Having skimmed the posts you’re complaining of, denis, I have to say you’ve not made out your case. First off, Bricker is questioning your authorities, in a way that some find very irrititating. But it’s the mandate of these Boards to fight ignorance. One of the ways Bricker fulfills that mandate is by rigourous questioning of general statements. If you think of him as Professor Kingsfield, (“you come here with your minds full of mush; you leave here thinking like a lawyer”), it makes it a bit more understandable.
Second, I think his points are valid. First, you referred to a cite to Wiki that did not exist. He called you on that. Second, you gave a cite that only referred to the academic part of Clarence’s history, and extrapolated that to your personal views on the political appointments. Bricker called you on that as well. Both of those criticisms help to define the debate, in a Socratic fashion. That’s not to say it’s an enjoyable experience (See: Athens, pissed off citizens of, c. 399).
And finally, he’s challenged your assumption that an outreach program to increase diverstity is automatically a form of affirmative action. That’s a fair comment on his part, because part of the entire debate over affirmative action is to define the boundaries of when race can be taken into account, and when it cannot.
For example, if the Jesuits of Holy Cross had looked out at their classroom, saw a sea of white faces, and said to themselves, “We are not ministering to the entire population,” and then went on tours to a wider variety of junior schools to increase their catchment, without in any way changing their academic standards, then it would be hard to say it was affirmative action. They would simply be taking steps to make sure that as diverse a group of qualified students as possible got into their school.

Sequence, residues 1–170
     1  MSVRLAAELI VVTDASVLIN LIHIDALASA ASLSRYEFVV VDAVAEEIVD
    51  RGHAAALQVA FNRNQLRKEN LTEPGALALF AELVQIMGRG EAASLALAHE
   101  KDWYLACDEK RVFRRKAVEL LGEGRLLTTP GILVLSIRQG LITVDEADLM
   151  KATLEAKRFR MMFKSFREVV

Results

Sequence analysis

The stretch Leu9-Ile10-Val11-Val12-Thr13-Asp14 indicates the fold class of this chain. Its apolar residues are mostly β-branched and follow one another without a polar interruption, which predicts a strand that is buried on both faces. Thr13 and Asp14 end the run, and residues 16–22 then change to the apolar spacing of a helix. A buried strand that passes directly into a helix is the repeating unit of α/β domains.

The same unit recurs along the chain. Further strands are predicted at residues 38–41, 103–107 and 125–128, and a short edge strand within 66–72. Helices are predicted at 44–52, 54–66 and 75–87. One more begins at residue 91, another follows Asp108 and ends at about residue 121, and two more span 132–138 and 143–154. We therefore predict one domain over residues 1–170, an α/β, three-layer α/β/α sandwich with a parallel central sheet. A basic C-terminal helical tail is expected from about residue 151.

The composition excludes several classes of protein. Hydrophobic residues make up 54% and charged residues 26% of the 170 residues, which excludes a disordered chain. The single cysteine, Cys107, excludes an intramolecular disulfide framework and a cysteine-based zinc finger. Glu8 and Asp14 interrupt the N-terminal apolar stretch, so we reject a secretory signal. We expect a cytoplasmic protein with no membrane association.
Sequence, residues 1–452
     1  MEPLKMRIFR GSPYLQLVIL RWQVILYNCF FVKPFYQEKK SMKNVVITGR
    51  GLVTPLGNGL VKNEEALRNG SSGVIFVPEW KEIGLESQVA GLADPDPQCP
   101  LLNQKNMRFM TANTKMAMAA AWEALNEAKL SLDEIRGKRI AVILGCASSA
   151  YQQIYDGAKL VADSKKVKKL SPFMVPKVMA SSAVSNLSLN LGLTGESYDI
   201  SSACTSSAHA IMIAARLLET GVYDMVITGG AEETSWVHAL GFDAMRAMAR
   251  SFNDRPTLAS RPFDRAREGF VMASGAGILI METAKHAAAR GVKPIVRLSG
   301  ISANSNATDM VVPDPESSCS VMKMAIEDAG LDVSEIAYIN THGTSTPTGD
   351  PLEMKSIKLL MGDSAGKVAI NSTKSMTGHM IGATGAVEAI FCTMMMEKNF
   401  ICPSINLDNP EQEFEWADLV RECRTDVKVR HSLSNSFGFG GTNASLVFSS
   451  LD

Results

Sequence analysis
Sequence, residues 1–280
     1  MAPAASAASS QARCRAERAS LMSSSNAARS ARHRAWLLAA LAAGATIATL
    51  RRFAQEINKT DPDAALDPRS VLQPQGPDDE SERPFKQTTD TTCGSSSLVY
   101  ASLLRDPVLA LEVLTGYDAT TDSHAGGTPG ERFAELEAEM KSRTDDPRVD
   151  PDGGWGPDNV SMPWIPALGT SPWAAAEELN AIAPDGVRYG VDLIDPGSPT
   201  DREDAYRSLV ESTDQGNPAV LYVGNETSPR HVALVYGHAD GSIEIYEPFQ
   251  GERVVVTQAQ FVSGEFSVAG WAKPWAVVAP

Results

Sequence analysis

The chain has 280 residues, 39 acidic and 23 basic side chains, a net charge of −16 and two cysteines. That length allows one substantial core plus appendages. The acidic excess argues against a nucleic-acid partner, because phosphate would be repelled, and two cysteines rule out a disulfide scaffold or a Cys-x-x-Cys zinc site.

If they did, however, change their admission standards for particular races, that probably would amount to affirmative action.
Bricker’s point is that your cite is vague on this key issue, which is essential to determining if Clarence did in fact benefit from affirmative action. That in turn is the major point of your thread. By challenging your reliance on this source, Bricker is forcing you to refine your argument, as a good Socratic.
(Perhaps I’m more accepting of this approach having gone through a few law degrees, and then standing up in court and facing judges trained in it - but believe me, though it can be unpleasant to be on the receiving end of it, it is a well-accepted way of probing assertions.)